· Should ‘conscience never be coerced’ by Government, as stated by the Ezekiel Declaration?

· Or is there another way to understand conscience and the Biblical role of Government?

· And what might this mean for vaccine passports?

Here are some considerations:

1. Governments are Put here by God, but not to coerce Religious Beliefs

According to Romans 13, God is the One who appoints Governments to their role (Rom 13:1-2).

Gentile Governments have no mandate to coerce religious belief or practice.

And what is the role of Government? In stark contrast to the Government of Old Testament Israel, gentile Governments have no mandate to coerce religious belief or practice. Neither Romans 13 nor any other passage on Government in the New Testament, gives Government that authorisation. On the contrary, the gospel must only be spread via the uncoerced appeal to people’s conscience (c.f. 2 Cor 4:2).

Furthermore, other passages show that Government is not to restrict belief in God (e.g. 1 Tim 2:1-4), but to allow Christians to live a ‘peaceful and quiet life, godly and dignified in every way’.

And so, Government should not coerce your conscience when it comes to your religious beliefs.

(Hence the reason why religious freedom for all—not just Christians—is a Biblical mandate: theocracy is unbiblical, as is any law that unnecessarily penalises religious belief and practice).

But does that mean that Government is not to coerce any conscience, as Ezekiel Declaration declares?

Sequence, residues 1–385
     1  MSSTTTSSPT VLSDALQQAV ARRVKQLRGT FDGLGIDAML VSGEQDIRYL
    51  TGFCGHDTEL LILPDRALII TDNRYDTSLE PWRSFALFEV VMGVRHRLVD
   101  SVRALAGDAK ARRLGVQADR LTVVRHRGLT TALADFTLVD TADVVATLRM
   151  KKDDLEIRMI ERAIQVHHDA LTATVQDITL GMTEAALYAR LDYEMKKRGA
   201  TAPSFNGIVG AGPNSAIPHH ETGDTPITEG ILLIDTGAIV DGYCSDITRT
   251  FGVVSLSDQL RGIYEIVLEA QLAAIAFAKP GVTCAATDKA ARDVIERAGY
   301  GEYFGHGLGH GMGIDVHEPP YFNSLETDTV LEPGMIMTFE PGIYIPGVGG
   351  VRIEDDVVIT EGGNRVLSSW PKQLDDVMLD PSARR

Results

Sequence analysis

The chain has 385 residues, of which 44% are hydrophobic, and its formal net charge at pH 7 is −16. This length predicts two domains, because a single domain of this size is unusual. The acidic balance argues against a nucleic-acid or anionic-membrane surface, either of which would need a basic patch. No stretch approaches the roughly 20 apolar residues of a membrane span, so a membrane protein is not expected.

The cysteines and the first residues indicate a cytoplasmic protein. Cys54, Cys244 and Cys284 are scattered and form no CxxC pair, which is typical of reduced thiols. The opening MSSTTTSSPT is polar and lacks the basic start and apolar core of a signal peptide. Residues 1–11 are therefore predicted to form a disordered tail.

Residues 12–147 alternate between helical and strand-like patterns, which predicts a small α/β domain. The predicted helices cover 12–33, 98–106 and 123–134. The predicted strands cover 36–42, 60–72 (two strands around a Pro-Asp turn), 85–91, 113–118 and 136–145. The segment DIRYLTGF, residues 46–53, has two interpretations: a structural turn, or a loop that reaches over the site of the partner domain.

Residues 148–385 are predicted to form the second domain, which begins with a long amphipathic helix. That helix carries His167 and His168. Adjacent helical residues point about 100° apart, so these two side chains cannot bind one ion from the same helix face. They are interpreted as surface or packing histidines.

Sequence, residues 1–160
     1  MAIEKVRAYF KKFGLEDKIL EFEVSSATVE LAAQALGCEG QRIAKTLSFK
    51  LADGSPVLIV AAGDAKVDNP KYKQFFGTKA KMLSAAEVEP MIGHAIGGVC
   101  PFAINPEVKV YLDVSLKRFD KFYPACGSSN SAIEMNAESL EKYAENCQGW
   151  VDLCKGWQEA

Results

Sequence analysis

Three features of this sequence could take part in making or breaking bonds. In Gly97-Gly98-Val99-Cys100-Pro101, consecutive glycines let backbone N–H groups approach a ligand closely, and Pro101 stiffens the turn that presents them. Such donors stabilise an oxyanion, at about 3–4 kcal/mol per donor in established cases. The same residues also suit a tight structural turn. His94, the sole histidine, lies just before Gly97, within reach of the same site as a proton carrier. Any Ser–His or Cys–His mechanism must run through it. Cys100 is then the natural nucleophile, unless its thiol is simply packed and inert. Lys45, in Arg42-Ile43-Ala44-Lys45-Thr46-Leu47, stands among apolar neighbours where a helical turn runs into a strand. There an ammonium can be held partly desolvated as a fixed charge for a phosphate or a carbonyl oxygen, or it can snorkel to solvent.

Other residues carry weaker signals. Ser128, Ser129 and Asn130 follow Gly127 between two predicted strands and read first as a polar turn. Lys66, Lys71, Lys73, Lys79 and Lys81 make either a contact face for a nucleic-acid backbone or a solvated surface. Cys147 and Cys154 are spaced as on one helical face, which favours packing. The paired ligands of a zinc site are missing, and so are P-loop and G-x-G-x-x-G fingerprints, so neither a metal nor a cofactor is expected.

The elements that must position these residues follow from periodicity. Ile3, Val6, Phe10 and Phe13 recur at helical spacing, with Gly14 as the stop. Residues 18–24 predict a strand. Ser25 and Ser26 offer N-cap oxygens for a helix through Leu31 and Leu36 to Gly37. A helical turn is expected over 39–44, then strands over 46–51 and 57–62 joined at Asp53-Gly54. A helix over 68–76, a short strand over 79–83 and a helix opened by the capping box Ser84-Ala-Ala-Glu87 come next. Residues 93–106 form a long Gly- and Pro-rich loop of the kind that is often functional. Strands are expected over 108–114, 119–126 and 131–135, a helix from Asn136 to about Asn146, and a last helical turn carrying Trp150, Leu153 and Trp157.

2. Government Is Authorised by God to ‘Coerce the Conscience’ of Wrongdoers

Governments should not coerce religious conscience regarding what people believe (or don’t believe) about God. But Government is mandated to coerce conscience when it comes to unjust (religious and non-religious) behaviour.

That is, Government has been authorised by God to ‘bear the sword’, to be ‘an avenger who carries out God’s wrath on the wrongdoer’ (Rom 13:4), regardless of what their conscience might say.

Here are some examples:

· Suppose your neighbour becomes radicalised through online ISIS propaganda to believe it is his solemn duty to attack the local shopping centre. In that case, Government has a right to restrict the free exercise of his conscience by outlawing and punishing such behaviour.

· Suppose your Marxist colleague conscientiously objects to paying taxes ‘to an imperialist capitalist government that oppresses vulnerable minorities.’ In that case, the Government is still free to coerce their conscience by demanding they pay tax regardless (cf. Rom 13:6).

That’s the way God designed Governments.

What about Vaccine Passports? Should Government be free to coerce conscience when it comes to vaccination and vaccine passports?

Before we can answer that question, there are some more things to consider:

3. Vaccination and Vaccine Passports Should not be a Religious Freedom Issue for Christians as Individuals